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What’s the worst position to have on Syria?

For most of the day, on Sept 4th, the media was deeply entrenched in news about the US potentially bombing Syria due to the alleged use of chemical weapons. From the weak attempt of President Obama to try to garner support from the international community (“…the world set a red line…”) to Secretary Kerry’s avoidance of questions about how the Obama Administration would use any authorization of force against Syria to the Senate Foreign Relations Committee approval of same authorization. Big news for an issue that likely will take a decade to resolve all the ramifications.

Both sides of the issue have strong reasons for their causes. Those in favor of bombing Syria make the case that this will help deter future chemical weapons use around the world. They say that there is a moral imperative for the 1,400 that died. They say that if not stopped now, one day a terrorist will decide to use such weapons against the US, potentially.

Those against action state that US intervention in a sovereign nations internal dispute has no benefit to America. They pose the conclusion that ultimately, no matter who wins, the US will be blamed for collateral losses which will spur terrorist recruitment and lead to attacks against the nation. They counter that if the loss of 1,400 lives is a moral imperative, then what is the reason for the lack of action in the face of the genocide in Darfur that has claimed more than 1.2 million lives, and created ore than 300,000 refugees?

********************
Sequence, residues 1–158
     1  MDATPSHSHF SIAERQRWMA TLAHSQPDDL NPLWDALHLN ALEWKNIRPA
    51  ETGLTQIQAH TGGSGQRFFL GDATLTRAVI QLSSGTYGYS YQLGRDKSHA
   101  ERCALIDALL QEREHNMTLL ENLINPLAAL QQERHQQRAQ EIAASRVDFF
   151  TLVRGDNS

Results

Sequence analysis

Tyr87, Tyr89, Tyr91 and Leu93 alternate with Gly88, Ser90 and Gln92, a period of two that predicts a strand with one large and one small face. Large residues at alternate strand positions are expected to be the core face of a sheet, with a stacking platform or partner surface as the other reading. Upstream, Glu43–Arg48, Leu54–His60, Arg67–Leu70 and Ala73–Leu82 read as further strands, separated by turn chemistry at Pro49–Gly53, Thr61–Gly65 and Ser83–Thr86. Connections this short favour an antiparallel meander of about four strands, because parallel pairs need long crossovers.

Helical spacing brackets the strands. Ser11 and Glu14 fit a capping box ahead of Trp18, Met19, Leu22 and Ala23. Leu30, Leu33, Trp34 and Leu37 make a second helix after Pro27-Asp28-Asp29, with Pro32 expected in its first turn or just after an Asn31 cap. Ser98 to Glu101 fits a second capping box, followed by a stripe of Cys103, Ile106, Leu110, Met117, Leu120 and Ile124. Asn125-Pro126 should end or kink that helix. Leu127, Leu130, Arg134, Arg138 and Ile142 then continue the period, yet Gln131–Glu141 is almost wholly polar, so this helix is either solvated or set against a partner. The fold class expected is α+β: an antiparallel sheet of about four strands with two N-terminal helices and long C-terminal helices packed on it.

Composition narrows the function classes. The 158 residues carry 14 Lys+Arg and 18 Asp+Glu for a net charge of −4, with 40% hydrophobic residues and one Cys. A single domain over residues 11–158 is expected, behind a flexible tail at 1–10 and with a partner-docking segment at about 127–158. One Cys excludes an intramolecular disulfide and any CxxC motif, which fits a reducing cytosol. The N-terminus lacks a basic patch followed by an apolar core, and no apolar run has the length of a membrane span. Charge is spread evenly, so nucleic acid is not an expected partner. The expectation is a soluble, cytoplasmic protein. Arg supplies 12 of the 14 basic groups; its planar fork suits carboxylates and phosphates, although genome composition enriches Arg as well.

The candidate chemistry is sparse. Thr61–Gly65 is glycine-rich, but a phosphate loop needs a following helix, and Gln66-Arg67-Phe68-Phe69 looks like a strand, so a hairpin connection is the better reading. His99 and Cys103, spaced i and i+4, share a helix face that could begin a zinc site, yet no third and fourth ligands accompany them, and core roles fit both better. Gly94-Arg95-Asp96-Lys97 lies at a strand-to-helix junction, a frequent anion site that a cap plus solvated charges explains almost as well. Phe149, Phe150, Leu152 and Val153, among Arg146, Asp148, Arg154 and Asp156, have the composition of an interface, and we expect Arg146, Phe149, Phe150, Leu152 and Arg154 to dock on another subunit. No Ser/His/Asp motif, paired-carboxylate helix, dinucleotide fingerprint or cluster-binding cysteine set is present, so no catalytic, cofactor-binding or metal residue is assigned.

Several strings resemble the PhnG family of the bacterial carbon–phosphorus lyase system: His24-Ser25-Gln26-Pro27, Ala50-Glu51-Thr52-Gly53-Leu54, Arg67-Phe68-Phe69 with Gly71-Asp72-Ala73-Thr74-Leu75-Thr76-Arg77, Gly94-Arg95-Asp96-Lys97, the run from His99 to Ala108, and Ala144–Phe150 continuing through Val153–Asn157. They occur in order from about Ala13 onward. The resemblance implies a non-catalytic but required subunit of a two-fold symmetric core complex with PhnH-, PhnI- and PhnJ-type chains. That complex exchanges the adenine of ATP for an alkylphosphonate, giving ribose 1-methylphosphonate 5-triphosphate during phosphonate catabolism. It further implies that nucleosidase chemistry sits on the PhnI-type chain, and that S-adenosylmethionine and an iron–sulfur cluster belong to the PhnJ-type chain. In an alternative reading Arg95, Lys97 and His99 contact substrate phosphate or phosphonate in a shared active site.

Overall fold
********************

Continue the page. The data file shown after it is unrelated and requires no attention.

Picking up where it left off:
Both sides can be faulted for making assumptions that may not be fully valid. Both have flaws as well as core truths that should not be ignored.

But recent polling show clear lines of thought. Pew Research (9/3/13) noted that 74% felt a strike on Syria would lead to a backlash against the US. Only 33% felt, in the same poll, that a strike would be effective in deterring future chemical weapon attacks.

A Washington Post/ABC News poll (9/3/13) shows 59% opposed to attacking Syria (and 70% opposed to arming they Syrian rebels). An NBC poll (8/29/13) shows only 26% in favor of military action, increasing to 42% if chemical weapon use is proven, still a mere 21% see US interests actually linked to Syria.